Bloomberg Anywhere Remote Login Bloomberg Terminal Demo Request


Connecting decision makers to a dynamic network of information, people and ideas, Bloomberg quickly and accurately delivers business and financial information, news and insight around the world.


Financial Products

Enterprise Products


Customer Support

  • Americas

    +1 212 318 2000

  • Europe, Middle East, & Africa

    +44 20 7330 7500

  • Asia Pacific

    +65 6212 1000


Industry Products

Media Services

Follow Us

Bloomberg Customers

Businessweek Archives

It Just Gets Better and Better With McDonald's and The Rappers

? Extreme Makeover: A Product Placement Dream |


| Memo to GM Et Al: Public Relations Counts as Marketing, But Only If You Do It Right. ?

April 07, 2005

It Just Gets Better and Better With McDonald's and The Rappers

David Kiley

As Adweek's AdFreak blog reports, a group called Gatbustaz has released a hip-hop song, McGangsta, that's as laden with Big Mac references, sex, violence and profanity as the fries are with saturated fat. Some of the lyrics to 'McGangsta': "Kinda feel like a sesame seed bun/Don't we all/Wait, let me get my gun/Let's make a McDonald's run." They also mention Escalade, as in Cadillac Escalade. No word yet as to whether McGansta is going to get any moolah from Mickey D's. General Motors' Cadillac is reviewing.

We are all having fun with a deal McDonald's has been pursuing with hip hop acts to write songs about the Big Mac. Under the arrangement, McD's would get to approve lyrics, and then the artist/shill would get paid per radio play.

Jermaine Dupri, artist, songwriter and president of Urban Music for Virgin Records, speaking Thursday, called the McDonald's deal and others like it "cheesy" unless the rapper was totally inspired to croon about the Big Mac from his or her soul...snd stomach. Dupri also said that he wrote a song a few months before McDonald's started pursuing its deal. His song was "Meet Me in the McDonald's Parking Lot." Despite some history with McDonald's and scoring a commercial for Sprite, Dupri said he was asked by McDonald's to drop the song. he says, he wrote it out of inspiration, not for McD's pay package. A month later, he said, they were asking to see it again to see if they could get behind it.

06:42 PM

brands deals

TrackBack URL for this entry:

Listed below are links to weblogs that reference It Just Gets Better and Better With McDonald's and The Rappers:

? Sellin' Out Fo Ronnie McD from Agitprop: Or How I Learned to Stop Worrying and Love the Propaganda

McDonaldization is clearly with us for the foreseeable future. While such a future will bring people many benefits, the profound irrationalities associated with McDonaldization raise serious questions about such a future, particularly about the [Read More]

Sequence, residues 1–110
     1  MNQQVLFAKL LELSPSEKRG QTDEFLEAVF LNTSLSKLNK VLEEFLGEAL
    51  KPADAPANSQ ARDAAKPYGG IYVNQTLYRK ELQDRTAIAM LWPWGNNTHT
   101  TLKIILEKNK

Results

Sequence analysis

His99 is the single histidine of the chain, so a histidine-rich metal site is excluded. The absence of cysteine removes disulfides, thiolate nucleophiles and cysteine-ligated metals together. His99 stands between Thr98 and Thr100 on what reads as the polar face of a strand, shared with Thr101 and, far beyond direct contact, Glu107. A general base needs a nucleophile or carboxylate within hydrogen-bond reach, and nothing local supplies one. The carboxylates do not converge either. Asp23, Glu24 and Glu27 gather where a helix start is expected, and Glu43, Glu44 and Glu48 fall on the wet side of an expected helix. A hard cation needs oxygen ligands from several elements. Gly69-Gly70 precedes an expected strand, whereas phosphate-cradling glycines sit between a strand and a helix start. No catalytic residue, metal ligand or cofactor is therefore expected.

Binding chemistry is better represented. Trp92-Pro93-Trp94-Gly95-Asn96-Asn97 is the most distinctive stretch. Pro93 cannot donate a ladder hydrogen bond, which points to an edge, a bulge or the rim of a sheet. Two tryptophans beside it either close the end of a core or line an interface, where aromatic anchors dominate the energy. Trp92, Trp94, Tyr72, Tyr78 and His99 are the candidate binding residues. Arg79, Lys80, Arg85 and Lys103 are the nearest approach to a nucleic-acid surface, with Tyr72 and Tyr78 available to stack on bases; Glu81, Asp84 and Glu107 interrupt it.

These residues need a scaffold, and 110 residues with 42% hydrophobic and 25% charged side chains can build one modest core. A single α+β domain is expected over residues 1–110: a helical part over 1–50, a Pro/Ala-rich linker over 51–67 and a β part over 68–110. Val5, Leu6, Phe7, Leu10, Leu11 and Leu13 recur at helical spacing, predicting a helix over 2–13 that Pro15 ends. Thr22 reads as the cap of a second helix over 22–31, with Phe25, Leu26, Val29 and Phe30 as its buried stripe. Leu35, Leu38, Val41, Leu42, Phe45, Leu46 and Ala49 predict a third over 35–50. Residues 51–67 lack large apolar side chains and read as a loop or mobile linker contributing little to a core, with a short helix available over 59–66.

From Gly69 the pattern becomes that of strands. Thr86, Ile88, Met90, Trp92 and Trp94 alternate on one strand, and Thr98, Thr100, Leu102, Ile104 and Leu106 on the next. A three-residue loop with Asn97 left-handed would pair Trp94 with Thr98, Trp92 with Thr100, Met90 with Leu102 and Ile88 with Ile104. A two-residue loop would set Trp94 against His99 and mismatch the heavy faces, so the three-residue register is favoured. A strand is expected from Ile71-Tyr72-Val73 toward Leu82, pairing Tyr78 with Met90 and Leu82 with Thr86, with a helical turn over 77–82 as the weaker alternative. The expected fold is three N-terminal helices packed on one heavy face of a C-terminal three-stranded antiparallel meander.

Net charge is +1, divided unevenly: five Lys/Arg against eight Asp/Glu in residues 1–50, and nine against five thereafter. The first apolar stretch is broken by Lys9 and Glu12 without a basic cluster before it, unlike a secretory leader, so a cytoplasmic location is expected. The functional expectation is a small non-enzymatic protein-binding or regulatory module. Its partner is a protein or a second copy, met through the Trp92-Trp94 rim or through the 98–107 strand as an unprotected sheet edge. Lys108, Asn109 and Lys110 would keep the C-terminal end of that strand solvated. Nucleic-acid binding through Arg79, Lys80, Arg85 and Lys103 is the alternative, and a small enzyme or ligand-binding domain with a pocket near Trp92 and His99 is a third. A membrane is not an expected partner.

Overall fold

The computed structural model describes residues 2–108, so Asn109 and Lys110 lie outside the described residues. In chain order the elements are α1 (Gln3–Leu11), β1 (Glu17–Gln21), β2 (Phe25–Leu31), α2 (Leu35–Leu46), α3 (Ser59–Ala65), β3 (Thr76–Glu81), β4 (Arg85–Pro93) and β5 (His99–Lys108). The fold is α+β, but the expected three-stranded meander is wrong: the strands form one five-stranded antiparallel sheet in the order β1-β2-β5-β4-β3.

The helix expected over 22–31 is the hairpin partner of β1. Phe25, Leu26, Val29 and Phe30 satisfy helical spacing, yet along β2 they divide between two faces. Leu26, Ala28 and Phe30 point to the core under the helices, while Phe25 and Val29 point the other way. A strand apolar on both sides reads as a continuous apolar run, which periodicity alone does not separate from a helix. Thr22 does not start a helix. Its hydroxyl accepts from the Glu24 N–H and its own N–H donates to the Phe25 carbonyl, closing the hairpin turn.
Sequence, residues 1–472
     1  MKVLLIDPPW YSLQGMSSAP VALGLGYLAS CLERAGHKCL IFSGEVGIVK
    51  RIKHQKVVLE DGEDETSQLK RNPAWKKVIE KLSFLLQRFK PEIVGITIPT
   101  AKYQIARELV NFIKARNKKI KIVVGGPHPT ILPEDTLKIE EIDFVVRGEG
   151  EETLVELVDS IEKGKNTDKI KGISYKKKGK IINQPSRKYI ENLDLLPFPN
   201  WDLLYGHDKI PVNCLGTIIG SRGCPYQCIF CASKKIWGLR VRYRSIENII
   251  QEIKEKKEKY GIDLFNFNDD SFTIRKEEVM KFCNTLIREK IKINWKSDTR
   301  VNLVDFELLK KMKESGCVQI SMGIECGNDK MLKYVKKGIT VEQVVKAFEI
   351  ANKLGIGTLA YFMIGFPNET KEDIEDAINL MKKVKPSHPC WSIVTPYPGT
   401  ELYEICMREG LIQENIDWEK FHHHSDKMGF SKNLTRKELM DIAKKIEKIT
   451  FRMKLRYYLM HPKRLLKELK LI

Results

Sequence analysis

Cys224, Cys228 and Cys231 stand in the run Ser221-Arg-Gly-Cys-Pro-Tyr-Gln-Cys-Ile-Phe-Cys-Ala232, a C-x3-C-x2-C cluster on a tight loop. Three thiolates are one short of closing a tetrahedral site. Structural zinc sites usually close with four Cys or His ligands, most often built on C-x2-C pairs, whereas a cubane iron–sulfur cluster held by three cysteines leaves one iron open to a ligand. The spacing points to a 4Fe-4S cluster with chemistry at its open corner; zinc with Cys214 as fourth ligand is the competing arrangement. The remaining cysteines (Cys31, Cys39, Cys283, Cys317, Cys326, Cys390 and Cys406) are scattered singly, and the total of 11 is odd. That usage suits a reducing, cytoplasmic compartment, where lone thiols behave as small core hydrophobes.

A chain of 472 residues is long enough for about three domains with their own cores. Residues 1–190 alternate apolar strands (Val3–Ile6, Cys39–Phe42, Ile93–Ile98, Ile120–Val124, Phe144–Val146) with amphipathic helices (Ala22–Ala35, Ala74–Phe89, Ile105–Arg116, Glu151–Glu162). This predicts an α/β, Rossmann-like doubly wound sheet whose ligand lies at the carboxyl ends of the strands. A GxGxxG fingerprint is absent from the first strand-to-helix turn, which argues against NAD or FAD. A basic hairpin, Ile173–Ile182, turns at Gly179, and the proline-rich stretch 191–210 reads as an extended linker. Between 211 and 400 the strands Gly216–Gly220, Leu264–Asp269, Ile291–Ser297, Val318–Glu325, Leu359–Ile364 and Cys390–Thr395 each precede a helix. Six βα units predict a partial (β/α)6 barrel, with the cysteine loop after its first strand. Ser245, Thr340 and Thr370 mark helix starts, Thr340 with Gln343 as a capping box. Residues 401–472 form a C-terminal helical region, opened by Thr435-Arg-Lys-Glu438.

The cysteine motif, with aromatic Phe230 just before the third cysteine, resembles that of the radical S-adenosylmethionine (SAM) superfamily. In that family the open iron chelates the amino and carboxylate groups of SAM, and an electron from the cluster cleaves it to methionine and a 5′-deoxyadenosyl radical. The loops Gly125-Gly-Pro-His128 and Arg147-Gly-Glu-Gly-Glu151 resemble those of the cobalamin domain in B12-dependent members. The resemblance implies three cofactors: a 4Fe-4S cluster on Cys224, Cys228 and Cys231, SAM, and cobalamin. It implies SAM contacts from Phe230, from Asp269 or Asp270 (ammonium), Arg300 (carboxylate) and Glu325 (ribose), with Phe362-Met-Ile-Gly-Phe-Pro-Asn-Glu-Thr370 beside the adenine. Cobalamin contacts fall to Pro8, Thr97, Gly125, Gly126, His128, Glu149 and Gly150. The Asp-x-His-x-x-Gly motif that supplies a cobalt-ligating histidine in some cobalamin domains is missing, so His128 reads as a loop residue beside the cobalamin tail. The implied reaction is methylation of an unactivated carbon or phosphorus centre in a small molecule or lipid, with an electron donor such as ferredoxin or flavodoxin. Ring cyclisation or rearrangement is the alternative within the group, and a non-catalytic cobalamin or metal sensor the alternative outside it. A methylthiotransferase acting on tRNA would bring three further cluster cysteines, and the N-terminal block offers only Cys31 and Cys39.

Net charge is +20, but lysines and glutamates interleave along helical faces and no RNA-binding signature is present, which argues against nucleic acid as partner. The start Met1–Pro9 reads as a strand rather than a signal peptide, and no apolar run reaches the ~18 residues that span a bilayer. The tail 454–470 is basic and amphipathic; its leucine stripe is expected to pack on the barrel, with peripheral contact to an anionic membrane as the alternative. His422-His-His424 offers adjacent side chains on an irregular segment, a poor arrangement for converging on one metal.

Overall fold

Tracked on May 2, 2005 03:13 PM

? McDonald's Rappers from Adshift

I wrote this post a couple of months ago, saved it for editing, and forgot it. Then I found it again today. A couple of months ago now 'rappers' (not 'wrappers') became associated with the McDonald's brand. As you may... [Read More]

Tracked on June 14, 2005 11:19 PM

First off I have to say that it?? something new everyday within the black culture. It's strange to me how just several years ago us as black artists, musicians, personalities, etc were complaining that we were not getting endorsement deals, that we were not getting proper representation in the dominant consumer advertising marketplace. Now many of our black artists have been able to see astounding success from their endeavors and are receiving opportunities to not only get paid publishing but endorsements for commercial drops in our songs when for years we were providing free advertising. We as a culture call these individuals sell outs now when white artists have been receiving these benefits for years for even the smallest plug. In the same breathe I do agree a McGangsta song is outlandish or writing a bogus rhyme that may not get spins is ludicrous.

It is about time that we as artists, entertainers, business managers, etc receive the same and equal benefits. If you choose not to do it or classify it as selling out it is your opinion, but ask yourself this if we truly supported our artists and entertainers would they have to depend on various propaganda opportunities? Or is this the beginning to the black community getting an opportunity to reap rewards from organizations and businesses that have truly benefited from our community support and dollars?

Finally, if we as a people feel we are being misrepresented and we don't feel we have a voice there is one great and easy way to get that voice in corporate America...get together and begin buying shares of ownership in these firms so that our voice will get heard as a voting stockholder.

Food For Thought: If an estimated 600,000 (less than 2% of the Black population) blacks went and spent $613.00 on McDonald?? stock each of us would own a total of 21.17 shares at the Friday closing price of $28.96 which would give us a whole hell of a lot of say since that would be the equivalent of 1% ownership of all outstanding stock or 28% of their gross profit. I think that would send a message and we would begin to get heard. Now I am sure that there will probably be a million and one reasons why the Black community can't not accomplish this so bring them on I am ready... by the way yes I am a current stockholder, run a business that is diversified with a minor interest in the entertainment industry and I am black...

Posted by: consumer minded at June 19, 2005 04:06 PM

blog comments powered by Disqus